Juanita Morris Kreps (born 1921) was an economist, university professor, U.S. secretary of commerce (1977-79), and author of several books about women, the aged, and economics. She was the fourth woman to serve in an American presidential cabinet and the first to become Secretary of Commerce.
Juanita Morris Kreps was born in Lynch, Kentucky, on January 11, 1921, the daughter of a coal mine operator. Her parents were divorced, and she remembered a childhood of poverty and unhappiness. She worked her way through Berea College and graduated as a Phi Beta Kappa economics major in 1942. During the next six years she won a scholarship to Duke University, received her Ph.D., and married Clifton H. Kreps, Jr., an economist. She followed her husband to various academic positions, teaching part-time at Denison and Hofstra universities and at Queens College. In 1955 she returned to Duke as a part-time instructor. She co-authored an economics textbook, Principles of Economics, and through her research and publications in the field of gerontology became America's leading authority on the economics of aging.
Between 1963 and 1967 Kreps rose through the academic ranks at Duke to become a full professor, and in 1967 she was appointed dean of the Women's College and associate provost. In these administrative roles she dealt with a wide variety of campus problems and developed a polished political persona. In 1971 she published Sex in the Marketplace: American Women at Work, the first book inspired by the nascent women's movement to analyze women's labor force participation and to correlate that rate to women's persistent responsibility for household work. Kreps pointed out that society expects that women "meet this obligation regardless of the demands of their market jobs—a career constraint not imposed upon men." Kreps did, however, criticize women themselves for continuing to enter lower status, lower paid "feminine" occupations such as clerical work and elementary school teaching.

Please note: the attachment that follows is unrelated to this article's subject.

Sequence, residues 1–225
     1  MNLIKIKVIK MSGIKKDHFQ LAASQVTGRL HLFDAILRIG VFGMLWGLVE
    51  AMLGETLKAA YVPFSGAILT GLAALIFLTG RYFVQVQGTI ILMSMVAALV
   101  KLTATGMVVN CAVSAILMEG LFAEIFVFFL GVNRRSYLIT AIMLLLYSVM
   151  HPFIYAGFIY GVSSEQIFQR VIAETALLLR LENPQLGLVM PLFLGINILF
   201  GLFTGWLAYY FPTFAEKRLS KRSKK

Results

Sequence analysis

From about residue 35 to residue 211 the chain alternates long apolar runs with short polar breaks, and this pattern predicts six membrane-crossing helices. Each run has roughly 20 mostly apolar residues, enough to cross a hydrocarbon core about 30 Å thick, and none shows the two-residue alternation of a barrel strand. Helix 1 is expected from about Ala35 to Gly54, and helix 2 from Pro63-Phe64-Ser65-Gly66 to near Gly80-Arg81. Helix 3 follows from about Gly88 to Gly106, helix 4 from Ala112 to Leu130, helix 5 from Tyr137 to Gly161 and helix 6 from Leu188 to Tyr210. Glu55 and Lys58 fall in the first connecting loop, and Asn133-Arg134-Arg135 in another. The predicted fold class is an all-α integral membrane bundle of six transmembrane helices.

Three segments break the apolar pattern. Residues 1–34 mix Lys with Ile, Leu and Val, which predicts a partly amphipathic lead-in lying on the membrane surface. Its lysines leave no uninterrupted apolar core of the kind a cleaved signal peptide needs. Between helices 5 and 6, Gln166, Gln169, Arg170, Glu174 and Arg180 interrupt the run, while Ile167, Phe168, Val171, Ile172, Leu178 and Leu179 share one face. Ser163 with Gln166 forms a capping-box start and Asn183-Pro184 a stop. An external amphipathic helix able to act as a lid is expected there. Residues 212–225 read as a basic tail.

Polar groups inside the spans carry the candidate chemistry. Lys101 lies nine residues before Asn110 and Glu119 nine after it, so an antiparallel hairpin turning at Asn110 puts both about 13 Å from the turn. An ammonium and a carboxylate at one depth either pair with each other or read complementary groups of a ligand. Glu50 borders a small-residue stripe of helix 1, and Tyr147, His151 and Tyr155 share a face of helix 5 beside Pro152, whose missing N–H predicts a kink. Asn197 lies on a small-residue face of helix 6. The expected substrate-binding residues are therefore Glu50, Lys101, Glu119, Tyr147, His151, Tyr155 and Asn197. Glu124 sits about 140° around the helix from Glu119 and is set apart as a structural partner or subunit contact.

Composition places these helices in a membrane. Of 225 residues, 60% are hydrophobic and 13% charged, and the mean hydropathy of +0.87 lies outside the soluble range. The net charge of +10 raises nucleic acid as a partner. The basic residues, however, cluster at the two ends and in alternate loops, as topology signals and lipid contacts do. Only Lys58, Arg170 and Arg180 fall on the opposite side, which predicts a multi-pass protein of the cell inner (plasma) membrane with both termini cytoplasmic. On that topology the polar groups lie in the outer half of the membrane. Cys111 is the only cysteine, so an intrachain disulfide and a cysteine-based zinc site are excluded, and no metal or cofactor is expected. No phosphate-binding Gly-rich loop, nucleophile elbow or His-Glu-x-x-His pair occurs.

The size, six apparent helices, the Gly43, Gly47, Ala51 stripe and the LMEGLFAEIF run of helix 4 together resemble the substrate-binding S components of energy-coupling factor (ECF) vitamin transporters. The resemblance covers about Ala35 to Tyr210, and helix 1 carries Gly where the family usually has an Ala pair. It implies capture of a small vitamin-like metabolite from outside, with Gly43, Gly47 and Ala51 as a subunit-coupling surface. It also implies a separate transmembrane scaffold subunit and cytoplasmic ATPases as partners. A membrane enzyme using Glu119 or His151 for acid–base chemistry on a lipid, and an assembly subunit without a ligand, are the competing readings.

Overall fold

The years from 1972 to 1977 were important developmental years for Kreps's career. She became a James B. Duke professor, the first woman to receive such an honor, which provoked her response, "It's what I'd rather be than anything else in the world." Duke University appointed her university vice-president, and she began to serve on a variety of corporate boards, including the board of directors of Eastman Kodak Company, J.C. Penney Company, Inc., R. J. Reynolds Company, and later AT&T. By 1972 Kreps had become the first woman director of the New York Stock exchange.
In 1977 President Carter appointed Kreps to his cabinet as secretary of commerce. Her initial goals at the department were to make "… a contribution to economic policy formulation, and may be one that made a difference in the image of professional women." She also called attention to cities, since "the city is where commerce is." The department's Economic development Administration tried to keep industries in cities through incentives such as grants and low-interest loans to cities. Under Kreps's leadership, the Commerce Department also tried to stimulate minority businesses through percentage "set-asides" for minority business in federal contracts. She was the impetus for the Commerce Department to take a more active role in promoting international trade, and in May of 1979 initiated an historic trade agreement between the United States and China.